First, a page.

Joshua willing to fight Fury even if he’s 40 stone

Anthony Joshua Tyson Fury

By Juan Flores: In a sign of how desperate IBF/WBA heavyweight champion Anthony Joshua (19-0, 19 KOs) is to fight former unified heavyweight champion Tyson Fury (25-0, 18 KOs), he says he would be willing to fight the 29-year-old even if he weighed 40 stone, which is 560 lbs. Joshua says he’d fight Fury if he can move around the ring, because the boxing fans would be still willing to watch the two of them.

(Photo credit: Mark Robinson/Matchroom Boxing)

Fury is still in need of a boxing license to fight for him to be able to consider a big money fight against Joshua. But it’s very likely the moment Fury gets his license back in the future, he’ll be looking to sign for a fight with Joshua. It’s generally understood by a lot of hardcore fans that Fury will be coming back for a cash out fight with Joshua before he likely disappears again for another long absence from the ring. Fury’s last fight came against Wladimir Klitschko in November 2015.

Joshua points out that former heavyweight champion George Foreman weighed in the 300 lb. range when he made a comeback in the late 1980s. In his prime, Foreman weighed 217 lbs. When he returned to the ring at age 39, he was far with a pot belly, and nowhere near as good as he was in his youth. Foreman never did lose the weight. He did melt down to 253 at one point, but he still looked fat. As far as Fury’s boxing license goes, he’s going to get his license back at some point. Just how long it’ll take for the 6’9” fighter to get it back is the big question.

“What was his fighting weight, 18 stone? Even if he comes back at 22 stone, George Foreman came back bigger than he was in his prime,” Joshua said. “If he wants to fight and gets his license at 30 stone, 40 stone and wants to get in the ring and starts showing that he can move about and he can control that weight that he’s morphed into, people will watch him,” said Joshua in letting the boxing media know that he’ll fight Fury under almost any condition.

It sounds bad that Joshua has no qualms about fighting Fury with him being potentially grossly obese. That suggests that Joshua is only thing about the bottom line of him getting as big a payday as he can rather than on the giving the fans a great fight. It would be nice if Joshua were thinking about the boxing fans first and foremost to make sure that they’re given the best fight possible. It’s rather disturbing that Joshua would be willing to fight Fury with hi over 500 lbs.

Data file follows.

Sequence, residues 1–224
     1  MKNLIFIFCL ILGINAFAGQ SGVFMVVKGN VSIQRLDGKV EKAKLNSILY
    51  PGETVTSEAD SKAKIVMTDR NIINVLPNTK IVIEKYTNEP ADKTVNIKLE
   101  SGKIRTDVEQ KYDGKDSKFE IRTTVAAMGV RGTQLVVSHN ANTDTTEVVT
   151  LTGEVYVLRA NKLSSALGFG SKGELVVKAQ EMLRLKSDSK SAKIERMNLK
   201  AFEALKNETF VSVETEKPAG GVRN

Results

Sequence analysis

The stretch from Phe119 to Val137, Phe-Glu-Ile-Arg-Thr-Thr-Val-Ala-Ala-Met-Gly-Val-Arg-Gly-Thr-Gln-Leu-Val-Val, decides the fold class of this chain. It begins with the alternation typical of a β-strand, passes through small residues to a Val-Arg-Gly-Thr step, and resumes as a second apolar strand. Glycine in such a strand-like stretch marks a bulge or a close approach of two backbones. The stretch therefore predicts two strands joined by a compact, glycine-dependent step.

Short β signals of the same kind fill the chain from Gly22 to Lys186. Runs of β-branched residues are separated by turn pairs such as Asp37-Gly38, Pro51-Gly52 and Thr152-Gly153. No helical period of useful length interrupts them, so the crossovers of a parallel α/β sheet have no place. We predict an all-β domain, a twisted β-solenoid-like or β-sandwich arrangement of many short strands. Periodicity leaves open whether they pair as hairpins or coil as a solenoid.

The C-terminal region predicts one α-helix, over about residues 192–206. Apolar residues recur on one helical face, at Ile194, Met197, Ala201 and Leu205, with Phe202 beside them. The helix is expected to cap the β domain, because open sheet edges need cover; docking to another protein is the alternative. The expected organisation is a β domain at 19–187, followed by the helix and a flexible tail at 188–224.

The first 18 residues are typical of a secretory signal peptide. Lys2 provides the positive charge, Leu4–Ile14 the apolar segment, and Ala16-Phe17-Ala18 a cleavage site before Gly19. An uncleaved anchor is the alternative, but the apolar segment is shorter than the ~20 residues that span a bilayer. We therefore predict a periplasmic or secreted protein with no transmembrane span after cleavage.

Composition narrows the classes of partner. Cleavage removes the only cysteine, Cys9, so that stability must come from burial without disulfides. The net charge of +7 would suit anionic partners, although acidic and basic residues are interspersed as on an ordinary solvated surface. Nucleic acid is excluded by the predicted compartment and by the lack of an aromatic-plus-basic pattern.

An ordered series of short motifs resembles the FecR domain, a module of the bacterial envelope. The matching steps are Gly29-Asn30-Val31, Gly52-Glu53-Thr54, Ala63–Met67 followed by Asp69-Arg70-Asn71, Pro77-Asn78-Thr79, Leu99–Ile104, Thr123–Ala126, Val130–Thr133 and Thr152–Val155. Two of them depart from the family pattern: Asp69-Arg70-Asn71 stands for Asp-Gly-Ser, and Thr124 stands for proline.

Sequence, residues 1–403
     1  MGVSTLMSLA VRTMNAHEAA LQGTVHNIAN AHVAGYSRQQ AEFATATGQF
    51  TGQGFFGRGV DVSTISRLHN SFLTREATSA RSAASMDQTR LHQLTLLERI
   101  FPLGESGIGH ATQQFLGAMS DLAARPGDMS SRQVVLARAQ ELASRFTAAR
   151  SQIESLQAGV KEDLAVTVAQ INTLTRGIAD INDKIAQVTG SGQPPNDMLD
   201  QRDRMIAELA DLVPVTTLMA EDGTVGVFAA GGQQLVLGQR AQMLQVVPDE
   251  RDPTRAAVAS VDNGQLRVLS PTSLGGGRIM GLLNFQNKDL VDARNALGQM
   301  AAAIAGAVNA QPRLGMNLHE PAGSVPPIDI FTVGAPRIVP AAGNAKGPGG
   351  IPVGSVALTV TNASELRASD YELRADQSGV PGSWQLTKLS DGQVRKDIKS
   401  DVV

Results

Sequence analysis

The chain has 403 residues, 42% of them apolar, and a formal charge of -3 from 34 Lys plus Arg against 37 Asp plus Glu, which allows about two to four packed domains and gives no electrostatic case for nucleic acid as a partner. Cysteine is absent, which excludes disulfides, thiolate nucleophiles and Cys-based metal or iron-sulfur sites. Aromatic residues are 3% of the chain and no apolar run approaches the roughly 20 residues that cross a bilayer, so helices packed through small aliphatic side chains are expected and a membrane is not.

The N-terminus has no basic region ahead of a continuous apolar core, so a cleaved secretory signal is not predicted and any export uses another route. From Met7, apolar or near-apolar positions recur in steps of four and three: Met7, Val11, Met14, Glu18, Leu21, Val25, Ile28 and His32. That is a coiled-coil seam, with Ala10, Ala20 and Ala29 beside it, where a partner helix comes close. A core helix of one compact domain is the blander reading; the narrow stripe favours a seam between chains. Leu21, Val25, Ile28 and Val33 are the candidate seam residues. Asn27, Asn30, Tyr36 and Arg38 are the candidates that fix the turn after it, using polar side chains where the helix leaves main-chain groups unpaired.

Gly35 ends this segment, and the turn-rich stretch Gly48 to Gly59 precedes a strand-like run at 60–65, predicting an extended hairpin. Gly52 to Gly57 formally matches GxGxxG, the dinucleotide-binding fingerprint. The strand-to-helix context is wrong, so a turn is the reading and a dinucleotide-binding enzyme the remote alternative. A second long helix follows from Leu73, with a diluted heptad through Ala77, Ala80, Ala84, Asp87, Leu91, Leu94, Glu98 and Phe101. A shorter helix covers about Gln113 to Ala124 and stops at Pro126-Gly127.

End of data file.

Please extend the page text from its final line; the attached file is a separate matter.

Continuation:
Let’s break this down so that the U.S boxing fans have a good idea of what Joshua is saying when he says he would be open to fighting Fury at 22, 30 and 40 stone:

22 stone = 308 lbs.

30 stone = 420 lbs.

40 stone = 560 lbs.

That’s just sad that Joshua would be willing fight Fury at those kinds of weights. With all the money that Joshua has already made in his short 4-year pro career, why would there be such an urgency to fight Fury at all costs with him being badly overweight? Joshua should have higher stands than that. I know Joshua has had a lot of terrible mismatches against guys like Eric Molina, Kevin Johnson, Gary Cornish and Jason Gavern. Joshua can do better than fighting Fury with him being as big as a house.

Hopefully Joshua was just kidding about him being willing to Fury if he were fat, because he’s going to lose a lot of boxing fans if he starts taking on out of shape fighters just so he can get a payday against them. If Joshua is going to fight Fury, he should make sure that he comes into the fight in good condition. That means if Fury is weighing in the 400+ lb. range right now, then Joshua’s promoter Eddie Hearn needs to give him 1 year to burn to the fat off before facing him, because Fury isn’t going to be able to lose 150 lbs. in one 8-week training camp. Fury might be able to put a small dent in the 150bs, but he’s not going to lose nearly enough of the weight for him to get down to his old fighting weight of 250 lbs.

To lose that kind of weight, Fury would need at least 8 months of nonstop training to get ready for the fight. Even then, Fury would likely be badly weakened from having taken that kind of fat off. What Fury needs is a year of training along with 4 or 5 tune-up fights to get him ready for the Joshua contest. It’s got to be a lot of tune-ups for him to have a chance, because he’s been out of boxing for 2 years now, and he’s obviously not been living a Spartan lifestyle during that time.

“But if he comes back at that weight and he’s getting in trouble against journeymen, then people won’t be interested. So it’s how he performs at his new weight,” said Joshua.

Joshua’s promoter Eddie Hearn is more concerned with seeing Fury perform and look good in his tune-up fights before he would consider matching Joshua against him. Hearn sees the big picture in wanting Joshua to be seen fighting guys that are in good physical condition. The reason it’s important that Joshua only face guys in great condition is because the boxing public is going to feel ripped off if Fury comes into the fight weighing 400 to 500 lbs. and unable to defend himself due to the massive amount of weight that he’s put on.

Joshua will be defending his IBF, WBA heavyweight titles this Saturday night against Carlos (35-3-1, 27 KOs) at the Principality Stadium in Cardiff, Wales. Takam, 36, is a replacement for the injured mandatory challenger Kubrat Pule, who pulled out of the fight just 2 weeks ago with a bad right shoulder injury. Joshua is not sweating bullets that he’s fighting a difficult fighter like Takam on just 2 weeks. Joshua figures he’s got it in the bag in fighting Takam. Joshua has gotten kind of cocky with his 19 wins as a pro. We’ll see if Takam can knock that cockiness out of Joshua on Saturday and bring him down to earth to make him a little more humble.

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